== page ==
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The Identity Scorecard

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The Identity Scorecard

Identity word
Identity word

"One of the things I love most about web standards is there are so many to choose from!"

The ironically witty statement above was uttered by my friend, David Crow, on IRC in 2006. Seven years later, it's pretty much the same. Every major company pushing their own standards and pretty much every one of them handling the user experience of it all terribly. Here is why I hate the way almost every web company handles my online identity.

Twitter

I know that most of your users have one account and most of them use you on their mobile phone, but I'm pretty sure I'm not the only one who hates the way you handle identity. Here are my beefs with you:

  1. Why can't I handle multiple accounts through your web interface? You've done a pretty great job of this in your iPhone app. Why can't you do this online? And yes, if I keep Hootsuite or Tweetdeck open all of the time, I could handle multiple identities on my laptop, but give me the option to just go to Twitter.com. There is more I can do with my accounts there.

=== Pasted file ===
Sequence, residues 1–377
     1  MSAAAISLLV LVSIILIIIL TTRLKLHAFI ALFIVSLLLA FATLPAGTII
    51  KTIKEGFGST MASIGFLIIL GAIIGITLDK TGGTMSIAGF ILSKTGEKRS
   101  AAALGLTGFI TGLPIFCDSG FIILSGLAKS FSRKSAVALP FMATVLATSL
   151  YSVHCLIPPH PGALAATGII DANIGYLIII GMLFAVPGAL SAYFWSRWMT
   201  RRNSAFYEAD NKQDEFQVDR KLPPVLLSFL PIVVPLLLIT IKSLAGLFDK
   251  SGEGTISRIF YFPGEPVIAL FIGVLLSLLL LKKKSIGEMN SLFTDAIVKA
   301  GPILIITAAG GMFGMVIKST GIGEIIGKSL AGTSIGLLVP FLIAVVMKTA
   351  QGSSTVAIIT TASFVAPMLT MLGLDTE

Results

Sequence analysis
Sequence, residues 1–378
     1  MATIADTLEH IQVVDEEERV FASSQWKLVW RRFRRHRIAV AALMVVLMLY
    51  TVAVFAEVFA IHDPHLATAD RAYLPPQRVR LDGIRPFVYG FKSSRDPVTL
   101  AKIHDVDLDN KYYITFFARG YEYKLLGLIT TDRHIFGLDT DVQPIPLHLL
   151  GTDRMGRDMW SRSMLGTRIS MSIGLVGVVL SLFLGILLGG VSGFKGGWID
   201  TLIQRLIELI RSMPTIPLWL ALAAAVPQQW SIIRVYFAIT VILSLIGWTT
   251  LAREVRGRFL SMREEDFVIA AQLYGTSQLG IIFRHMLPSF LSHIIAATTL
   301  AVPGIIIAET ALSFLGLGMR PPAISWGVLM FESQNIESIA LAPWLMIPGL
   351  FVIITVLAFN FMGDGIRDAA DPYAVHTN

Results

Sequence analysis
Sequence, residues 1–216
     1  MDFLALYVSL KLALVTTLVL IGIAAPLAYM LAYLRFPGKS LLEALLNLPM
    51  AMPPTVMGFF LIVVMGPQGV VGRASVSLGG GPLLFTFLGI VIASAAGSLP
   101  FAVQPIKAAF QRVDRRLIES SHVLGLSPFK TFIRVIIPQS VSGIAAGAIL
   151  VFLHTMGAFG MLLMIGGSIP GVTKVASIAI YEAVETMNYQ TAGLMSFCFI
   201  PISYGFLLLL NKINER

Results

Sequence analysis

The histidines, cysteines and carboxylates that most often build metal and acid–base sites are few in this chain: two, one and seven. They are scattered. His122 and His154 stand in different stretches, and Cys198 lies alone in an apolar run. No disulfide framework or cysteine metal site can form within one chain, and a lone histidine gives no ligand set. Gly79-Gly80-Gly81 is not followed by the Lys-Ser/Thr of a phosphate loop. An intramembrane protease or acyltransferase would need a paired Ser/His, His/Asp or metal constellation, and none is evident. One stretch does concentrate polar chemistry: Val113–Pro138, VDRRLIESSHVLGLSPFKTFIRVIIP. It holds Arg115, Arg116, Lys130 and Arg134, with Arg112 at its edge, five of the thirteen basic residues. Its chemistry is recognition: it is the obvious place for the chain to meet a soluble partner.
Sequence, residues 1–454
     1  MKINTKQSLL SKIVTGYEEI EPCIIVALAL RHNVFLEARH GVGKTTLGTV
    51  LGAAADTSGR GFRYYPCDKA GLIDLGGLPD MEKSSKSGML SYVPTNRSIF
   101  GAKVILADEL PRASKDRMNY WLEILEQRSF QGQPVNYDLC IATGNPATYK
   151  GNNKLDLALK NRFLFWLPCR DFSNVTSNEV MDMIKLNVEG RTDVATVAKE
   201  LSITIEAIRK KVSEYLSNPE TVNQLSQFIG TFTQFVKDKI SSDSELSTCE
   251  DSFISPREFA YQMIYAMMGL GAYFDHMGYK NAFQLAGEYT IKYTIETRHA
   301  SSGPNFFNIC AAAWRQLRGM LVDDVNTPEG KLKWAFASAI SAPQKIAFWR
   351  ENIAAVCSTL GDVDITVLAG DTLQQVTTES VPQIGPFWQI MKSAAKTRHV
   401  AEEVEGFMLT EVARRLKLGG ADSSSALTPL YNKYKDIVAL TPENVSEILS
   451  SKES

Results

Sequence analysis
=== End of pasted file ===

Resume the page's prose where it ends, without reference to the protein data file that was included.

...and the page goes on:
2. Why can't I register multiple accounts under one email address? I get the phone number thing because you have an SMS interface, but every time I set up a new Twitter account, I need to set up a new email address.

SCORE: C

Google (everything - YouTube, G+, Apps, etc)

You are the master of multiple identities...only...your default is to assume all of your users are as adept at switching identities as a super spy. I now have way too many identities on Google and because most of them are the result of me needing to set up a new email address for a twitter account, most of them are worth less than others. Here are my beefs with you:

  1. I pay for Google Apps for tarahunt.com now, but you restrict my social use on that email address so I need to switch back and forth (as the sole user and administrator, figuring out how to get Google+ to work on tarahunt.com has been a nightmare - it keeps telling me to ask my administrator, which is me, but when I click the admin tools, I can't figure out for the life of me how to turn G+ on! And no, your damned forums don't help.)
  2. You allow for forwarding and aligning those disparate identities, but my Google ID looks like a spider web of forwarding to the point that I can't even remember what is going where and coming from what.
  3. I now have something like 6 YouTube accounts, 5 Google+ accounts and Docs and calendars littered in about a dozen places. These are the things I want to have 'forwarded' and aligned. But it's way too complicated to do so.